Leetcode 1351. Count Negative Numbers in a Sorted Matrix

Problem Explanation:

The problem asks to find the count of negative numbers in a sorted two-dimensional matrix. The matrix is sorted in non-increasing order both row-wise and column-wise.

This means that in every row, the numbers are sorted from the biggest on the left to the smallest on the right. And in every column, numbers are sorted from the biggest on the top to the smallest at the bottom.

Let's walk through an example with this matrix:

1
2
3matrix = [
4[ 4, 2, 0,-1],
5[ 3, 1, 0,-2],
6[ 1, 0,-1,-2],
7[-1,-1,-2,-3]
8]

We need to count how many numbers in this matrix are negatives.

The answer is 8, because we have eight negative numbers (-1, -2, -1, -2, -1, -1, -2, -3).

So the function countNegatives(matrix) will return 8.

Approach Explanation:

The solution uses a direct approach to find the count of negative numbers in the sorted two-dimensional matrix. The idea comes from the characteristic of this matrix: Row and Column are both sorted from the biggest number to the smallest one.

We will start from the bottom-left corner of the matrix. If the number is negative, this means all the numbers from current position to the right in the same row are all negative because of the row-wise sorted rule. We can directly add these counts (from current position to the right edge) into our answer. Then we move upward to the next number (same column but the previous row).

If the number is non-negative, we just move to the right (same row but the next column), because all numbers above it in the same column are all bigger (non-negative), so doesn't need to be counted.

We repeat these steps until we finished scanning the entire matrix.

#Python

1
2python
3class Solution:
4    def countNegatives(self, grid):
5        m, n = len(grid), len(grid[0])
6        r, c, cnt = m - 1, 0, 0
7        while r >= 0 and c < n:
8            if grid[r][c] < 0: 
9                cnt += n - c 
10                r -= 1
11            else:
12                c += 1
13        return cnt

#Java

1
2java
3class Solution {
4    public int countNegatives(int[][] grid) {
5        int m = grid.length, n = grid[0].length;
6        int r = m - 1, c = 0, cnt = 0;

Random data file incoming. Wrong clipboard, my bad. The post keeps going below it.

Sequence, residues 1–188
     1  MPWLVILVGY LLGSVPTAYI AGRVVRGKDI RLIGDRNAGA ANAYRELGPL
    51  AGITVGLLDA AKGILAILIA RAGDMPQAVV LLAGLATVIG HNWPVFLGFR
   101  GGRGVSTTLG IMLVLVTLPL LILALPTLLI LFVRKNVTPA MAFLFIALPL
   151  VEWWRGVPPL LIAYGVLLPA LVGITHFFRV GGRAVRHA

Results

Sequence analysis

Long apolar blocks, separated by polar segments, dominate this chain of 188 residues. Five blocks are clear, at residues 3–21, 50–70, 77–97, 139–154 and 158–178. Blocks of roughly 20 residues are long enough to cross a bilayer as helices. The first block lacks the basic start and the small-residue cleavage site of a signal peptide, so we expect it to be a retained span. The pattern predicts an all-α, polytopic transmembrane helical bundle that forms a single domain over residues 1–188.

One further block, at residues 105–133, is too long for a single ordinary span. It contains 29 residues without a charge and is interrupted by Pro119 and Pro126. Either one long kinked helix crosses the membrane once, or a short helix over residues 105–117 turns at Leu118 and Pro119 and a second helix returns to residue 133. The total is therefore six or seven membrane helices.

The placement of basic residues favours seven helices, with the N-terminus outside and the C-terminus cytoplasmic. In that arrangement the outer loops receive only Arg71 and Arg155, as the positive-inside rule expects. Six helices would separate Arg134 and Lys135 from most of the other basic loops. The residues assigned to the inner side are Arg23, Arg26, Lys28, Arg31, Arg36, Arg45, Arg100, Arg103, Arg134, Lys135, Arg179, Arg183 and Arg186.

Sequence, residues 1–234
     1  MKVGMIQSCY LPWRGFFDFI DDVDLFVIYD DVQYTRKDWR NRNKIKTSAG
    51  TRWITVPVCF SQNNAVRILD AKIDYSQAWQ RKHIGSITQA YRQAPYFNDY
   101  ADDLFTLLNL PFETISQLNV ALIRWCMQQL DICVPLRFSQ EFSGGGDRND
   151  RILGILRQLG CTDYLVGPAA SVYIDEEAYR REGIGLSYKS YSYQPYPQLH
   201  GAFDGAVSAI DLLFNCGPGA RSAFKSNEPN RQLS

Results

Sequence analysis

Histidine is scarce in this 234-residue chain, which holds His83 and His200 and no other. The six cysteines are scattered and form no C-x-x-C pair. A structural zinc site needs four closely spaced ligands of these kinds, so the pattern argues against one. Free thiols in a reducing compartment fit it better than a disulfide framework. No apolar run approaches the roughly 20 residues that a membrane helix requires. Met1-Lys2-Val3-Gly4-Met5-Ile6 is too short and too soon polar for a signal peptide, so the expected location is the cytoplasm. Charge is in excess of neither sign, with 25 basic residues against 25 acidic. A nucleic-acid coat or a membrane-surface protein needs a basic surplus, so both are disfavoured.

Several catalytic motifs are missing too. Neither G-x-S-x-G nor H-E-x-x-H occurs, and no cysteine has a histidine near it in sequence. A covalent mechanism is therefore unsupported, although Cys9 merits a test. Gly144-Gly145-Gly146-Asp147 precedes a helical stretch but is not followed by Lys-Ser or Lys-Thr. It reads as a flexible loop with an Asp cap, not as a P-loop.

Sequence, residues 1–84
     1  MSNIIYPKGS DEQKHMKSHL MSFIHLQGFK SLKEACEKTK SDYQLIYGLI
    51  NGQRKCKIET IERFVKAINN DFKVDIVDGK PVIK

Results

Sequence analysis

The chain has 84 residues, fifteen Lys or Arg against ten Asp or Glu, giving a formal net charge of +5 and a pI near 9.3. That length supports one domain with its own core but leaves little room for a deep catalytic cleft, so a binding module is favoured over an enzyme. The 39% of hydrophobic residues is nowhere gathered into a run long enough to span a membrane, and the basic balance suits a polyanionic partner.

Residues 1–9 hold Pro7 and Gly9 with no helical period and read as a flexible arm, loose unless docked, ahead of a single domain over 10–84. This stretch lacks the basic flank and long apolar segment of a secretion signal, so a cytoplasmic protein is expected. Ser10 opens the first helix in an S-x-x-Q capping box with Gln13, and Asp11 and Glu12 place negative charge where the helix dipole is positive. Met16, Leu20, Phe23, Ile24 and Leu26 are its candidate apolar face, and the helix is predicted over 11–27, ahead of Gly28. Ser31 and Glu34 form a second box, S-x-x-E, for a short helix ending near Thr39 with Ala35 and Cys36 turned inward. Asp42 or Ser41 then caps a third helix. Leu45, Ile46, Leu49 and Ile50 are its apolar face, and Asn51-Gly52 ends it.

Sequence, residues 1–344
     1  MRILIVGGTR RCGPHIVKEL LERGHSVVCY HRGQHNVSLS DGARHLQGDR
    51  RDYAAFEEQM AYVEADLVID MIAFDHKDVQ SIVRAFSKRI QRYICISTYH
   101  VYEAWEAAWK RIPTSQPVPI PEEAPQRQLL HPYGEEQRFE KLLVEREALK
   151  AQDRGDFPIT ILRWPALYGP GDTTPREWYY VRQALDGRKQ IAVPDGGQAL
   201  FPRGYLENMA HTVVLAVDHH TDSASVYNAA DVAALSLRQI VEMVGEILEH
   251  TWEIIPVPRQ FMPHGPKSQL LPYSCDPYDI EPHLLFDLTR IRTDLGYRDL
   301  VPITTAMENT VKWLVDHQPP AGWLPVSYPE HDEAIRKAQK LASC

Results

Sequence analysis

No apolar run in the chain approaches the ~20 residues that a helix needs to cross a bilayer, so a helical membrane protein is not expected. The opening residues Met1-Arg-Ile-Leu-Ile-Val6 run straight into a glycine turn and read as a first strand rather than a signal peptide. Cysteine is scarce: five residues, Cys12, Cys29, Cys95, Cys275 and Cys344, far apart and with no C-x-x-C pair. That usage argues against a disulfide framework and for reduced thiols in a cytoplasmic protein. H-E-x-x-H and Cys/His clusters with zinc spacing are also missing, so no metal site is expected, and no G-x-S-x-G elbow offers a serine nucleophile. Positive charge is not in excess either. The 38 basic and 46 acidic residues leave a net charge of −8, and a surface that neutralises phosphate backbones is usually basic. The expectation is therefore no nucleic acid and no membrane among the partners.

7        while (r >= 0 && c < n) {
8            if (grid[r][c] < 0) {
9                cnt += n - c;
10                r--;
11            } else {
12                c++;
13            }
14        }
15        return cnt;
16    }
17}

#C++

1
2c++
3class Solution {
4public:
5    int countNegatives(vector<vector<int>>& grid) {
6        int m = grid.size(), n = grid[0].size();
7        int r = m - 1, c = 0, cnt = 0;
8        while (r >= 0 && c < n) {
9            if (grid[r][c] < 0) {
10                cnt += n - c;
11                r--;
12            } else {
13                c++;
14            }
15        }
16        return cnt;
17    }
18};

#JavaScript

1
2js
3class Solution {
4    countNegatives(grid) {
5        const m = grid.length, n = grid[0].length;
6        let r = m - 1, c = 0, cnt = 0;
7        while (r >= 0 && c < n) {
8            if (grid[r][c] < 0) {
9                cnt += n - c;
10                r--;
11            } else {
12                c++;
13            }
14        }
15        return cnt;
16    }
17}

#Csharp

1
2csharp
3public class Solution {
4    public int CountNegatives(int[][] grid) {
5        int m = grid.Length, n = grid[0].Length;
6        int r = m - 1, c = 0, cnt = 0;
7        while (r >= 0 && c < n) {
8            if (grid[r][c] < 0) {
9                cnt += n - c;
10                r--;
11            } else {
12                c++;
13            }
14        }
15        return cnt;
16    }
17}

#Final Thoughts:

Understanding how the matrix is sorted row-wise and column-wise is the key to the solution. By starting from the bottom-left corner, you can streamline the process and perform the function in less time.

In terms of time complexity, this solution has O(M + N) time complexity where M is the number of rows and N is the number of columns. This is because in the worst-case scenario, you may have to traverse all columns for a single row (when all numbers are positive) and all rows for a single column (when negative numbers are present in every row).

In terms of space complexity, this solution has O(1) space complexity. This is because no matter how large the matrix is, the function doesn't require any additional space to store variables.

Conclusively, the solution is efficient and economical in both time and space aspects.

In addition, the solution is generalizable and can be written in numerous programming languages, including Python, Java, C#, JavaScript, and C++, as provided in the explanation above. Each of these solutions maintains the same logic and strays not from the methodology detailed. As a result, regardless of the programming language used, your approach towards solving the problem would remain the same.


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